Iowa Democratic Party to Release More Than Half of Caucus Results by 4PM

Politics

Supporters for Democratic presidential candidate Sen. Elizabeth Warren, D-Mass., raise their hands to be counted during a Democratic party caucus at Hoover High School, Monday, Feb. 3, 2020, in Des Moines, Iowa. (AP Photo/Charlie Neibergall)

The outcome of the Iowa Democratic caucuses remains unknown, with the state party continuing to delay the reporting of the results after a night of confusion and chaos rocked the critical first-in-the-nation 2020 contest.

The Iowa Democratic Party told campaigns Tuesday that it would release “more than 50% of all results” by 4 p.m. CT (5 p.m. ET).

Hours after caucusing began in Iowa on Monday, local officials raised concerns about the vote reporting, raising difficulties in using the new app to report their results and complaining about long hold times to report results by phone.

On Tuesday, the candidates had already moved on to New Hampshire, the next state on the 2020 calendar — as they tried to spin the lack of results in favor of their own campaigns. In Iowa, meanwhile, state Democrats were sorting through the wreckage of an embarrassing night while working to report the first official results.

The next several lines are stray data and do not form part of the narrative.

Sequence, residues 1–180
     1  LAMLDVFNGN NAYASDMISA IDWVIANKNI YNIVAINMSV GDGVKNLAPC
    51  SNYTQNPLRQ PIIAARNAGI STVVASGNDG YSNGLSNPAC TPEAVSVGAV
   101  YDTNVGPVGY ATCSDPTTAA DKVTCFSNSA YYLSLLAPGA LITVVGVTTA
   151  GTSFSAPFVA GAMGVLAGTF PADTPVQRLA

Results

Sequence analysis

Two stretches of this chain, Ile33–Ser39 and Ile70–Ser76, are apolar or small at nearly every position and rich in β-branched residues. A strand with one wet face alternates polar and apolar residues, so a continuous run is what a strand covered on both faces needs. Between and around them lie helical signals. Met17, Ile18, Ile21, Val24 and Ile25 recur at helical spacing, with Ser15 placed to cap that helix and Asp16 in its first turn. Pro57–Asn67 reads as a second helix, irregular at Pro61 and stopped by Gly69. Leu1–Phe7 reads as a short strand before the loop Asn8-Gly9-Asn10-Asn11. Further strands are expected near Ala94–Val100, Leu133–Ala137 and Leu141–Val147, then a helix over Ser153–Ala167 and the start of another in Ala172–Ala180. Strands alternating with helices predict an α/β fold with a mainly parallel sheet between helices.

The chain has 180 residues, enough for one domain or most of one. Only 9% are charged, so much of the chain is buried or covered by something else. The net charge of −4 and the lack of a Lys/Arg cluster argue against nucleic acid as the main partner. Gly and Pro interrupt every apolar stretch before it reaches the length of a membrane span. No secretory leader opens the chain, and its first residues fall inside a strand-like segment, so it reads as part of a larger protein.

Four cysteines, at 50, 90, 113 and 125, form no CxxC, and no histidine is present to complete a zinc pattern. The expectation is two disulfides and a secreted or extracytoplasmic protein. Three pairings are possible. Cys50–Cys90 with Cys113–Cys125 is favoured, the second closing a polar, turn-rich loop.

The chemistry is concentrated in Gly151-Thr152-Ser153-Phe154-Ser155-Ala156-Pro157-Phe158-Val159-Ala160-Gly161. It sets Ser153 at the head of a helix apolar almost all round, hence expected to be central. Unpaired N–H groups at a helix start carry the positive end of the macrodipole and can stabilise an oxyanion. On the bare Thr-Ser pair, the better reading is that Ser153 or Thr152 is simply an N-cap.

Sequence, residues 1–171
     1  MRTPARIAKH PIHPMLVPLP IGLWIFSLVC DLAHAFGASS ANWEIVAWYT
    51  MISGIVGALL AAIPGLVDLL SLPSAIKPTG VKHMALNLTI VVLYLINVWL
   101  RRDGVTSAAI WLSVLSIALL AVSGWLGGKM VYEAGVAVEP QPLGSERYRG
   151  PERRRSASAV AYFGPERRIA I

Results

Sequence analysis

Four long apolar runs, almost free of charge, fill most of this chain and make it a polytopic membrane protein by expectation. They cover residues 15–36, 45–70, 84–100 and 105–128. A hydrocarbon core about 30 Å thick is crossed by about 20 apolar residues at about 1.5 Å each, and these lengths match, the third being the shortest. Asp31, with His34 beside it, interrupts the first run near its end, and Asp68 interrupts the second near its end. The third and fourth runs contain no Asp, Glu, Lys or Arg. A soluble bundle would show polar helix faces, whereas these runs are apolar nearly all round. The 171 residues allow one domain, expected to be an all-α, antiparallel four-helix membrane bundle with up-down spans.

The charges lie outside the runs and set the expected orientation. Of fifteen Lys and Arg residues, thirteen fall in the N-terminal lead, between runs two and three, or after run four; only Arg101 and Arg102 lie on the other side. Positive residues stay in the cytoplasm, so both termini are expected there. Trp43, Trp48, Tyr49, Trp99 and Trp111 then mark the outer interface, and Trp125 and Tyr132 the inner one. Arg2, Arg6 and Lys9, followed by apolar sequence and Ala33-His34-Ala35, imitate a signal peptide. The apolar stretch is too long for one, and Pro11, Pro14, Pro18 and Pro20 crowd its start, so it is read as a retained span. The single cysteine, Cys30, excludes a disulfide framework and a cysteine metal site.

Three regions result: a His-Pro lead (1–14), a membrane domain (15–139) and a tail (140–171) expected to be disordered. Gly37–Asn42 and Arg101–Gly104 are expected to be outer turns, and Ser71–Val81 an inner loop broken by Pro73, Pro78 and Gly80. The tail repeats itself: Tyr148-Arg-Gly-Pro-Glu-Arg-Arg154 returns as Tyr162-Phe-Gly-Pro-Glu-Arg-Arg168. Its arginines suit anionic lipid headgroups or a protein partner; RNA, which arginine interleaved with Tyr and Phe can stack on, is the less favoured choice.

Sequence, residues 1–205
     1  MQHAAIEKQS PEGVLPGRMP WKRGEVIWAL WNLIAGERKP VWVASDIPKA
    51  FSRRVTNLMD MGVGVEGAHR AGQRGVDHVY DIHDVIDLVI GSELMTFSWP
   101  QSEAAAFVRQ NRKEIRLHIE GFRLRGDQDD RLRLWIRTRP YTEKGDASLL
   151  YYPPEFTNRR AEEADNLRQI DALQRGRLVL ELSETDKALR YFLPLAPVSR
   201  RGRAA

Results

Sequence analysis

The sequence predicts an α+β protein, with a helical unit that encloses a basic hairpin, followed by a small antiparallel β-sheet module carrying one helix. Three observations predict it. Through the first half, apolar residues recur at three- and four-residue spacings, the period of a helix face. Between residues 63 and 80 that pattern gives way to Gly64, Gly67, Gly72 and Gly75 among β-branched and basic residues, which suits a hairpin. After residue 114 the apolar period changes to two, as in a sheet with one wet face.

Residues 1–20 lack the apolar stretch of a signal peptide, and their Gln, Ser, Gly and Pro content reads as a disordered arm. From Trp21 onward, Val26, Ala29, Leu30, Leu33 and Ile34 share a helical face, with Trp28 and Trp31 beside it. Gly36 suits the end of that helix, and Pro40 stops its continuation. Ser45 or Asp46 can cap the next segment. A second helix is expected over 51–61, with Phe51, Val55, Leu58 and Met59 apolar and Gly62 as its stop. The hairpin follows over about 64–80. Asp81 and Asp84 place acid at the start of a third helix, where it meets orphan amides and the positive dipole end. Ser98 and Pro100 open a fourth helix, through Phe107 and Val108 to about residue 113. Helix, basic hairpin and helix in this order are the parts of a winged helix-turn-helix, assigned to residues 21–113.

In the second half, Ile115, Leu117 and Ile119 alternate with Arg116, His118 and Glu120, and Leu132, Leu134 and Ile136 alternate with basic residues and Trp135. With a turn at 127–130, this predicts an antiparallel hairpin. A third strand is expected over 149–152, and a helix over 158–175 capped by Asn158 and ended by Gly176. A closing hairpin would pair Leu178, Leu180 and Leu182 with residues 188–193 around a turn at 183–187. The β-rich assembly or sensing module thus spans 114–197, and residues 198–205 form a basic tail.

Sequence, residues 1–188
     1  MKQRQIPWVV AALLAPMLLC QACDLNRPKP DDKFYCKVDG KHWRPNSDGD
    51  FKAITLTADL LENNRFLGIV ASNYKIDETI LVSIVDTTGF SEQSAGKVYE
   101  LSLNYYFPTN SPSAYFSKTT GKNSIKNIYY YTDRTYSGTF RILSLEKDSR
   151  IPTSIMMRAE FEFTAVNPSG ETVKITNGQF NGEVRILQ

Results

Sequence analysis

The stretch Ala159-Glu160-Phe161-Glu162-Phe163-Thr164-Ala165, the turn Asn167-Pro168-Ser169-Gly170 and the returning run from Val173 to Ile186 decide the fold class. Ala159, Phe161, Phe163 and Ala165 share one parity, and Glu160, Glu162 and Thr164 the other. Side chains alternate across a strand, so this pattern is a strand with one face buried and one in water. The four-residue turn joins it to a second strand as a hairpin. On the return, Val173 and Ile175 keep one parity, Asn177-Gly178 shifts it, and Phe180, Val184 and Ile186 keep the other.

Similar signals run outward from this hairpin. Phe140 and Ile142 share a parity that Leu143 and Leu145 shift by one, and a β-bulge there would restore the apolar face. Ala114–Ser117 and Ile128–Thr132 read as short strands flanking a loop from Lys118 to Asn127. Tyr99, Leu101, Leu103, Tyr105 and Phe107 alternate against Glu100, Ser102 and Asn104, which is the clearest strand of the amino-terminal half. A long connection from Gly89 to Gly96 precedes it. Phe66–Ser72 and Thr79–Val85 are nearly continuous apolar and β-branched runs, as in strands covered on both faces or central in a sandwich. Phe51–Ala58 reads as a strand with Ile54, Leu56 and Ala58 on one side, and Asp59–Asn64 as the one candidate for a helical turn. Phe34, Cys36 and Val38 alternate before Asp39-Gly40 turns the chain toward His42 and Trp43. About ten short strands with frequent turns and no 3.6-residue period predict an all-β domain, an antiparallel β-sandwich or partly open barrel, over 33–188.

The chair of the state Democratic Party, Troy Price, said in a statement Tuesday morning that the plan is to release results “as soon as possible today” and said an investigation found the “underlying data” collected by the new app was sound.

“As part of our investigation, we determined with certainty that the underlying data collected via the app was sound. While the app was recording data accurately, it was reporting out only partial data. We have determined that this was due to a coding issue in the reporting system. This issue was identified and fixed. The application’s reporting issue did not impact the ability of precinct chairs to report data accurately,” Price said.

“While our plan is to release results as soon as possible today, our ultimate goal is to ensure that the integrity and accuracy of the process continues to be upheld,” Price added.